The Epic of Gilgamesh is one of the oldest and greatest works of literature. There are many different versions of this epic, but most are the same in story and themes. This ancient poem follows the story of the titular character Gilgamesh, King of Uruk. It is a mystery as to whether or not this person existed, but the story portrays him as a demigod of great strength. He is made out to be a very powerful ruler who is also obnoxious and ignorant to human suffering. He is a great ruler in some aspects. For one, he built a wall to protect his city and people. Still, he abuses his people and even rapes maidens on their wedding night. Gilgamesh does seem to care for his people, but his status as a demigod blinds him from his own flaws and he is unable to understand the ramifications of his actions towards his people. He has yet to learn about human suffering. The creation of Enkidu changes this aspect of his character and helps him understand the delicacy of life.
It is Enkidu who drives the story’s development. The people of Uruk dislike Gilgamesh’s rule and pray for the gods to create his equal to counteract him. And so Enkidu the man-beast is created. With the introduction of Enkidu, we get a thematic contrast between nature and civilization. Enkidu is a wild, dirty, man-beast who resides in the wilderness, while Gilgamesh is a godly king that rules over the civilized city of Uruk. The setting of the story also bears significance and plays into this contrast because Uruk is one of the earliest city in recorded history. As king of this civilized city, Gilgamesh serves as a symbol of civilization itself in this story. Just as man domesticated animals, Gilgamesh sets off to domesticate Enkidu when he hears of him. When Enkidu is brought to the kingdom, the two characters face off in a show of brute force. Enkidu proves himself to be Gilgamesh’s equal and earns his respect and friendship.1
Over the course of their adventures and their newly found friendship, Enkidu’s character slowly rubs off on Gilgamesh. He comes to have a better understanding of his subjects and his responsibilities to them as king. In a way, he becomes more human. Still, it is not until Enkidu’s death that he, Gilgamesh, will be able to understand human suffering fully.2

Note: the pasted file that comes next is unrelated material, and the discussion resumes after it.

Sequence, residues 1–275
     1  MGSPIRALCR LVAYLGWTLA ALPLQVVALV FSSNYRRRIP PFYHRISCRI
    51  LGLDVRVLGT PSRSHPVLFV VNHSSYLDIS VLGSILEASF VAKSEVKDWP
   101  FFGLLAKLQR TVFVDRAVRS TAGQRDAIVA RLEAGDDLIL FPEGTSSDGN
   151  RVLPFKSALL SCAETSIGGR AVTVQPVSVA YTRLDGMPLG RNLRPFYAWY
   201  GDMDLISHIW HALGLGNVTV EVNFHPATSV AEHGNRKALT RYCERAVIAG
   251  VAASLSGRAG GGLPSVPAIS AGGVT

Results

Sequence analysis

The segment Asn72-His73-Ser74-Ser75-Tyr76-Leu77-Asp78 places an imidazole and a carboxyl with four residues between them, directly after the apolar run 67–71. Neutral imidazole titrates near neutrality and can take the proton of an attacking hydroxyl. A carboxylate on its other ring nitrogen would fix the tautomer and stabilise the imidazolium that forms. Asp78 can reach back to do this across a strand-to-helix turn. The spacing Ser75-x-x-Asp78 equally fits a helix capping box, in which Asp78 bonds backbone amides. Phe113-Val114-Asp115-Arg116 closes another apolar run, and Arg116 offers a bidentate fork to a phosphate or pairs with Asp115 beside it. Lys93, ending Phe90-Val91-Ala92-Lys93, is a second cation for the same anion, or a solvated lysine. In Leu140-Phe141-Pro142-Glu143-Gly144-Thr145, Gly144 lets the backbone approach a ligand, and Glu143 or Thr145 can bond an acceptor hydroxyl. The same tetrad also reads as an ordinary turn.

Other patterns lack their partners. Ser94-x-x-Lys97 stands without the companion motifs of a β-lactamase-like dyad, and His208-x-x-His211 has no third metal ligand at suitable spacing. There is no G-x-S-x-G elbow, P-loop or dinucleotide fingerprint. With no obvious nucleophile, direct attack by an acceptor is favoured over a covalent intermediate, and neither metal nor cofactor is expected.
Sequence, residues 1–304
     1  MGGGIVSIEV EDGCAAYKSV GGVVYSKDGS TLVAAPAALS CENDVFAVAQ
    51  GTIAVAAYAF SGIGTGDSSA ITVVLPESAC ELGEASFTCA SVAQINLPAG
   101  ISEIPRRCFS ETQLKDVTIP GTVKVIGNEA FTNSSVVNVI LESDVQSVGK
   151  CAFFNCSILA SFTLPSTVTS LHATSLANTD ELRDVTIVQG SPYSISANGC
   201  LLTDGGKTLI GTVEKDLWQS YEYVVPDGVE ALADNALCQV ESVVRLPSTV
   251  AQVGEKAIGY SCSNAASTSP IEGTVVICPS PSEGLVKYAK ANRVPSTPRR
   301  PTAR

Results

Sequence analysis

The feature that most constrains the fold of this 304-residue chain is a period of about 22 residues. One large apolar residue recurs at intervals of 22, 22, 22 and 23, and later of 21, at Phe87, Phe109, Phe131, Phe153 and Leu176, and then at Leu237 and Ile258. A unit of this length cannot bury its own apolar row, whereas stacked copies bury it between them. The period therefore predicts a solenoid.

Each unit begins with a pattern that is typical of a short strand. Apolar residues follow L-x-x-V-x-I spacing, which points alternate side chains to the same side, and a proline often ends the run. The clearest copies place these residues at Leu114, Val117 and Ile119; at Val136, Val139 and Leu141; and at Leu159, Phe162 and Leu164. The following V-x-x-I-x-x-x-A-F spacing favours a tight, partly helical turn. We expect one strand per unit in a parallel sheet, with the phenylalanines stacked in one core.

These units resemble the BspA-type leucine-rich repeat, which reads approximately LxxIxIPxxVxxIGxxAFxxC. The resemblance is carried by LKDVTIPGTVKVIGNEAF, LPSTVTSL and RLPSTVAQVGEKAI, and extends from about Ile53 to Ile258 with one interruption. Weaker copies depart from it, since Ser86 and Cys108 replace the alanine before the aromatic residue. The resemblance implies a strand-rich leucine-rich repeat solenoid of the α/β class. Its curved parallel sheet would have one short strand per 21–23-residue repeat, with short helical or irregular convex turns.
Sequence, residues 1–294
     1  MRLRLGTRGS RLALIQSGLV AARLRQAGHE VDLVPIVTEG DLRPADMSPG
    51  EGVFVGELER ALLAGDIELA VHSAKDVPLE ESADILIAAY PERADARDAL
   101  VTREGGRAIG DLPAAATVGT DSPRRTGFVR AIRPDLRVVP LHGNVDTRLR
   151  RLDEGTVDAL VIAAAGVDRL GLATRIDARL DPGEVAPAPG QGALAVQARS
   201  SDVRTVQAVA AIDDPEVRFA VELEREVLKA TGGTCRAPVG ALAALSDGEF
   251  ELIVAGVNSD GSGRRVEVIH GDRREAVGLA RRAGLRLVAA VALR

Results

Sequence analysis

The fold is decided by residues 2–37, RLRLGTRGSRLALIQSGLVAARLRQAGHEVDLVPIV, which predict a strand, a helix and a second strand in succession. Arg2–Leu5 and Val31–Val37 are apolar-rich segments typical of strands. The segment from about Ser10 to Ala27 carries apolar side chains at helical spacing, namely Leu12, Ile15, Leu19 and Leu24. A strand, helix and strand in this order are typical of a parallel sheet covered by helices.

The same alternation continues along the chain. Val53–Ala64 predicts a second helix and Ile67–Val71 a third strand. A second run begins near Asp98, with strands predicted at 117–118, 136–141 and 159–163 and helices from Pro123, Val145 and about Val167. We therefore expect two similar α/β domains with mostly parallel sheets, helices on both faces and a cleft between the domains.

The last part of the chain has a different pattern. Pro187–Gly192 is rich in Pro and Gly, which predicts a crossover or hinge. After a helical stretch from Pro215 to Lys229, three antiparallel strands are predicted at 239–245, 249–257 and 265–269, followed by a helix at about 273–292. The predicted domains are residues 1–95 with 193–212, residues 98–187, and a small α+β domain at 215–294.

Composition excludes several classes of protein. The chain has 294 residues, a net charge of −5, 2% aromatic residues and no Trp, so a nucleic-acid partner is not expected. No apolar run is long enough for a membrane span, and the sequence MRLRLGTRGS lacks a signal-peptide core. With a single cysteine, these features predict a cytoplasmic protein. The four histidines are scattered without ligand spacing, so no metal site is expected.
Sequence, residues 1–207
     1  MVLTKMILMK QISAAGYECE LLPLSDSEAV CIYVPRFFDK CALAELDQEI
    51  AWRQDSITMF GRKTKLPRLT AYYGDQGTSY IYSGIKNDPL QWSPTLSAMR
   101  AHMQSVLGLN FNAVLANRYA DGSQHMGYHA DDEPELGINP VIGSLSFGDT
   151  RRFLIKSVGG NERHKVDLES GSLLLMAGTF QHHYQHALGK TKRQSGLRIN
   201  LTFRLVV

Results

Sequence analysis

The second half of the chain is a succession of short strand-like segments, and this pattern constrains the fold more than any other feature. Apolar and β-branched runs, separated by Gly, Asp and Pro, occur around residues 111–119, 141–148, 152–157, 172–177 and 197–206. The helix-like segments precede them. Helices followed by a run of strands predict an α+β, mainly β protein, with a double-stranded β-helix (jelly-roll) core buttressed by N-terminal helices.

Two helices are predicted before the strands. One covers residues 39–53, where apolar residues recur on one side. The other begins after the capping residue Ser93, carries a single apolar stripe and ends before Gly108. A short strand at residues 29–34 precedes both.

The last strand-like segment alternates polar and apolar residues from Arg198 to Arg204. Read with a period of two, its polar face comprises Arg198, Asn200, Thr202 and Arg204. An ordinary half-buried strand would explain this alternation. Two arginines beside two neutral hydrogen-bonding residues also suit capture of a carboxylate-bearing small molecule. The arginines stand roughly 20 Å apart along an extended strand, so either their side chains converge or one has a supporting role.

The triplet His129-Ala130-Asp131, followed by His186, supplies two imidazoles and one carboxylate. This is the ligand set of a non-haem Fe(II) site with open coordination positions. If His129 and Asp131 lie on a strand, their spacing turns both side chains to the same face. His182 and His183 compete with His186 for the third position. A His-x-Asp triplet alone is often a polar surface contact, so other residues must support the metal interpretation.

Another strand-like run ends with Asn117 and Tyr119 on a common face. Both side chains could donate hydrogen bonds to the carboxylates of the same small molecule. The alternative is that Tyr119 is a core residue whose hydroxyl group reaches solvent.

His death brings Gilgamesh great sadness and makes him come to the realization that no matter how strong or godly he thought he was, he too will someday be faced with death. The story symbolically shows that nature has an impact on civilization and makes it clear that the author or authors prefer civilization but still acknowledge the importance of nature. Also tying in with contrasting symbols, Enkidu curses civilization and blames it for his death, though he ends up going back on his word when he remembers all the great things of civilization and the friendship that Gilgamesh has shown him. And so Gilgamesh mourns his best friend and goes off on a quest to search for immortality. Through his long search he finds the plant that can grant renewed youth to the person who eats it. However, after obtaining what he sought, a snake promptly steals it away. And so the quest comes to an abrupt end.3
Gilgamesh later uses the gods to contact the dead Enkidu and ask about the afterlife, but was disappointed with the answer. Enkidu told him that nothing but more suffering awaits those who die.4 Gilgamesh comes to accept that despite his godly strength and title of king, he too is human and is vulnerable to human suffering and death. Not even his best friend was spared from the grip of death. Or perhaps the reason Enkidu met death was because of the way the author(s) favored civilization over nature; Gilgamesh over Enkidu. And so concludes the Epic of Gilgamesh. Gilgamesh may not have found the immortal life he sought, but nevertheless he has found immortality in that his story still lives on though the epic and its many versions to today and beyond.